Sunday, June 17, 2012


Much has been written about the magic of the stage, the smell of the greasepaint and the roar of the crowd. But to this child of the 50s and 60s being backstage holds a personal fascination. Like so many kids of our generation, my first “stage” was the choir loft at Mass where every Sunday my classmates and I would sing out the hymns that the sisters dutifully taught us. We carefully rehearsed and learned to sing “out of our heads and not out of our chests.” Even as our young voices started to change, they were always pushing us to reach for the high notes. We also learned to sing with an “N” sound not an “M” when humming because that gave us more volume and control.

In the years between choir in elementary school and band in high school, there was not a lot of stage time for me, but from high school on, there has been a stage somewhere where I could stand. One of the first, the stage in the “cafetorium” at high school wasn’t much more than a shell built into one of the walls of the multi-functional room. The only access to that stage was via a pair of steps at either end of the stage that was barely a couple of feet higher than the floor of the main audience area. Yet it was during my high school years that I was introduced to a “real” stage for the first time. I was a member of an orchestra that performed several concerts at the then new Jacksonville Auditorium. I will never forget making my way through the backstage area to the stage and with my heart pounding a million beats per minute looking at all the stage trappings; the ropes, pulleys and counter weights that held the backdrop in place, the lights, the microphones and sound systems. It all seemed so dark, mysterious and confusing. Finally, there was the stage itself where I was transfixed, looking out over the footlights across that vast auditorium that seemed to fade into infinity just before reaching the back wall of the auditorium. I could just make out the sound and lighting booths in the murky distance.

Left: Cooper Union in New York City

Since then, I have been backstage in over 100 theaters across this wide country and I have been amazed at the wide variety of designs and styles. One of my favorites is the modest stage at the Cooper Union in New York City where Abraham Lincoln made the speech on February 27, 1860 that some say made him president. Another was the sound stage in Los Angeles where William F. Buckley debated the issues of his day in the latter 20th century. In fact, it was Buckley who afforded me the opportunity to intimately visit some the great backstage areas all over the country. He invited me to be a member of production team for his debates that were broadcast on PBS during the 80s and the 90s.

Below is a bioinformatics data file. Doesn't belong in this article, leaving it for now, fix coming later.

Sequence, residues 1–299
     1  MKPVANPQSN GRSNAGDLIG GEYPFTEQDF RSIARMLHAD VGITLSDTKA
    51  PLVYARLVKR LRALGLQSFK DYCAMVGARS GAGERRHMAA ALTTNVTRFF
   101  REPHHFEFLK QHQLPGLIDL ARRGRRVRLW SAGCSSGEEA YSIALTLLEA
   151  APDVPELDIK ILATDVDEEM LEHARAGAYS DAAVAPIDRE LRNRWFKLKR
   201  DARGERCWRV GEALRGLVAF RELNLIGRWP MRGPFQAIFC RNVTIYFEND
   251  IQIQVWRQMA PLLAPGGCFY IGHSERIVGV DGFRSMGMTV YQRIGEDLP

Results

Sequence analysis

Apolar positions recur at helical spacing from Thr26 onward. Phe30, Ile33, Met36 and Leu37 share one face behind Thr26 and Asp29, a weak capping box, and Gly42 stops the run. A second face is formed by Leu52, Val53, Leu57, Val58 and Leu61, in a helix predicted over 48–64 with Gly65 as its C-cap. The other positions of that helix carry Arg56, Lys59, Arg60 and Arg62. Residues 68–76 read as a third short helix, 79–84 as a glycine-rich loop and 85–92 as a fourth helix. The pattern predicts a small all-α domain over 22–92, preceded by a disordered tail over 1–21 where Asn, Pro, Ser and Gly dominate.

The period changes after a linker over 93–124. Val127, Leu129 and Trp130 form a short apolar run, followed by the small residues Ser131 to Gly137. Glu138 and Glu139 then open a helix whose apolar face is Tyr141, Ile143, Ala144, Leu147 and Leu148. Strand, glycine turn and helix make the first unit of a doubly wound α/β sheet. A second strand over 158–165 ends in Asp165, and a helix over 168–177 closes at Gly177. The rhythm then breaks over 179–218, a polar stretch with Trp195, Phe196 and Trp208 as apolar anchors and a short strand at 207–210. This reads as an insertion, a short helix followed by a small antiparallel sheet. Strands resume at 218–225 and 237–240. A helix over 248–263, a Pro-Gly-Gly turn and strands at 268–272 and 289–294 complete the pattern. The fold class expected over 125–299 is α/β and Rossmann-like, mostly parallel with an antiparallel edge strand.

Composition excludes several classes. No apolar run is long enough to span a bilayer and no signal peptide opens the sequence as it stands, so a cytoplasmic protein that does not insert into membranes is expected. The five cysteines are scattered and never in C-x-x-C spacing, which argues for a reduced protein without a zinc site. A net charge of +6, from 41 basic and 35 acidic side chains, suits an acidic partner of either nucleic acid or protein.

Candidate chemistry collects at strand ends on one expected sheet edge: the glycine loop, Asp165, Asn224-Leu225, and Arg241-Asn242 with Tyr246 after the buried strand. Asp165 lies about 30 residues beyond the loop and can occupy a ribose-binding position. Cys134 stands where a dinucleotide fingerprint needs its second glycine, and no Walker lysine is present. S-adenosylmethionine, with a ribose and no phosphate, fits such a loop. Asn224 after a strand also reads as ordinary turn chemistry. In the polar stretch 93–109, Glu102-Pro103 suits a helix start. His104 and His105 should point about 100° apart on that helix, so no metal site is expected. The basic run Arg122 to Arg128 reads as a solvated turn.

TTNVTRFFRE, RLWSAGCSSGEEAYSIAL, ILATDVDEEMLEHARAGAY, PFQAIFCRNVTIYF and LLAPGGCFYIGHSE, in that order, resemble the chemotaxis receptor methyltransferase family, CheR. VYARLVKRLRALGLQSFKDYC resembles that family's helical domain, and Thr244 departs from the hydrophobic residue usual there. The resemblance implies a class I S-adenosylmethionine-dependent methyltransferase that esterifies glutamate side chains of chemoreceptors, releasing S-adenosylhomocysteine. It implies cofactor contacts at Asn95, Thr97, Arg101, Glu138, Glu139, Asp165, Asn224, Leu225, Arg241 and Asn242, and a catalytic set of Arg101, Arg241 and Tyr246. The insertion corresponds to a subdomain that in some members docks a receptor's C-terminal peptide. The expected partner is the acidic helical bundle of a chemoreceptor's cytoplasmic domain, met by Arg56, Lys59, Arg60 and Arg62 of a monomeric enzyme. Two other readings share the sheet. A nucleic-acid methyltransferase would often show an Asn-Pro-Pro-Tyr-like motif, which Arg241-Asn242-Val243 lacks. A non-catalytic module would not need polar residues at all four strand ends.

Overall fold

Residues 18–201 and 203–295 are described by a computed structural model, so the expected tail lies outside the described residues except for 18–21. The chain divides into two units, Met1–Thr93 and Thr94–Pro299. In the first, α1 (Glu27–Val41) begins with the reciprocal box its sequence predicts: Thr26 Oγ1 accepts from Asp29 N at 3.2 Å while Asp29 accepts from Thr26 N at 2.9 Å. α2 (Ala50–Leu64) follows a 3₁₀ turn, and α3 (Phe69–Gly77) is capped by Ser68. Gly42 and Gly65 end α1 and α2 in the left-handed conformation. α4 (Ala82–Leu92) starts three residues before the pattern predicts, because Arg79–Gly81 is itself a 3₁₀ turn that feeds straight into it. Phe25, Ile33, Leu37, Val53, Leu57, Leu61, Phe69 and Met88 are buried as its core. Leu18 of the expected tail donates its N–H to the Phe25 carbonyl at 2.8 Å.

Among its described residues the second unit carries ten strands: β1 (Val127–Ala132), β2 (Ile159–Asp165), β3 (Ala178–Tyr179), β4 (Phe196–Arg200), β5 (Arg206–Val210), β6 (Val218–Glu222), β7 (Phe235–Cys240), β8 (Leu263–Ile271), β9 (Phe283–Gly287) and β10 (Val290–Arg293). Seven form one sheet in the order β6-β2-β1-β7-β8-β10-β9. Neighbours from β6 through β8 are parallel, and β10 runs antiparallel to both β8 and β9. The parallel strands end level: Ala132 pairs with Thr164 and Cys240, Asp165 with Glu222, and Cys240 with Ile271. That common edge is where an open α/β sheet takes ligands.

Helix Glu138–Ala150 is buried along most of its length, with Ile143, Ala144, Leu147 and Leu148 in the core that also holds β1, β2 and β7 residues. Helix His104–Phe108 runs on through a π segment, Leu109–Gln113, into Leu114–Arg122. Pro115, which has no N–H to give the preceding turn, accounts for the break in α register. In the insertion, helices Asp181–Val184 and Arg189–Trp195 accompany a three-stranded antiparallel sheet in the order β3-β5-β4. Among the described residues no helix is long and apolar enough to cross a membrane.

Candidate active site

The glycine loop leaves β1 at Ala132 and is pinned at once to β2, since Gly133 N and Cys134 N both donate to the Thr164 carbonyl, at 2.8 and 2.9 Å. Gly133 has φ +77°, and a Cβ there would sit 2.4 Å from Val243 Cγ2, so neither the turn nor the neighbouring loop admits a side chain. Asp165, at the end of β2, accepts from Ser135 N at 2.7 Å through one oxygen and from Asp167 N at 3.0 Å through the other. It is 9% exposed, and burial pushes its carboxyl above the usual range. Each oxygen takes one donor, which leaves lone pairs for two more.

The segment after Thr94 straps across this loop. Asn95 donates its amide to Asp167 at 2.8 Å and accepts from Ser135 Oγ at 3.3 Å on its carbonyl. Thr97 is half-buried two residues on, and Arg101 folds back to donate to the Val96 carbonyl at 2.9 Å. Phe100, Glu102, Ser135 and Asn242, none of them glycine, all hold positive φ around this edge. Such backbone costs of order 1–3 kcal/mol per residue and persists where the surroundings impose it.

Left: Newberry Opera House, Newberry, SC

As I became familiar with backstage after backstage, I quickly learned that no two were alike. Some had small wings, the area just off curtain at the side of the stage; some were voluminous, as big, or even bigger than the performance area itself. This provided space to quickly move sets onto and off of the stage proper between acts. A common trait for these backstage areas is that they all seem to be a complicated and confusing warren of hallways, rooms and areas where one could easily be lost.

Another of my favorite venue backstage areas is in a small 400 seat theater located in the small town of Newberry, South Carolina. It has a three floor backstage connected by an elevator and a stairwell.

Backstage at the Newberry Opera House, clockwise from left, Billy Scott, me, Clifford Curry, Maurice Williams, and Cassie Fox

There is a small wing on the one side of the stage barely big enough for the lighting boards but the other wing is as big as the stage itself. I have spent many a happy hour there watching some great performances. But the most interesting part of the backstage at the Opera House is the small eating area.

Onstage at the Newberry Opera House with the Sensational Epics

The walls of this room have not been painted in over 50 years. The reason is that all the artists who have performed there have signed the walls. That one wall bears testimony to the great touring acts from rock and roll to country, jazz and blues. I can’t even begin listing the individual names on that wall but it looks like a high school year yearbook with folksy greetings from the greats across the annals of time. It made me realize that there was another side to the artists that made up the soundtracks of our lives. They were also real people thankful for the hospitality they received in a small town far away from home. Oh MY!


  1. Rick - I love this story (and enjoy reading everything you write)!

    Having worked in the Stagecoach at the Paladium for 13 years - back in the days when the name acts played there, I know that backstage is a grand place! There is always something happening. The most fun was when the parking lot would be filled with 10 to 12 eighteen wheelers and 4 or 5 tour buses. We worked hard to feed sometimes 150 to 250 people out of our little kitchen and serving area.

    One of the most fun memories is that the rumor goes that the acts would be at Walnut Creek in Raleigh one night and the Paladium the next. The folks at Walnut Creek would tell them, "Your food isn't much tonight .. but don't worry. You are going to the Paladium tomorrow - and you will get home cooking." There were times that peaches for the pies came straight from the orchard to the kitchen.

    Anyway - it is fun and gives one a totally different perspective of the industry.

    1. I am so glad you enjoyed the Backstage Blog and shared your own memories. You are right on the money, being backstage was a gift to us that everyone does not get to enjoy. There are some interesting stories and sights that took place out of sight of the audiences. Special memories indeed!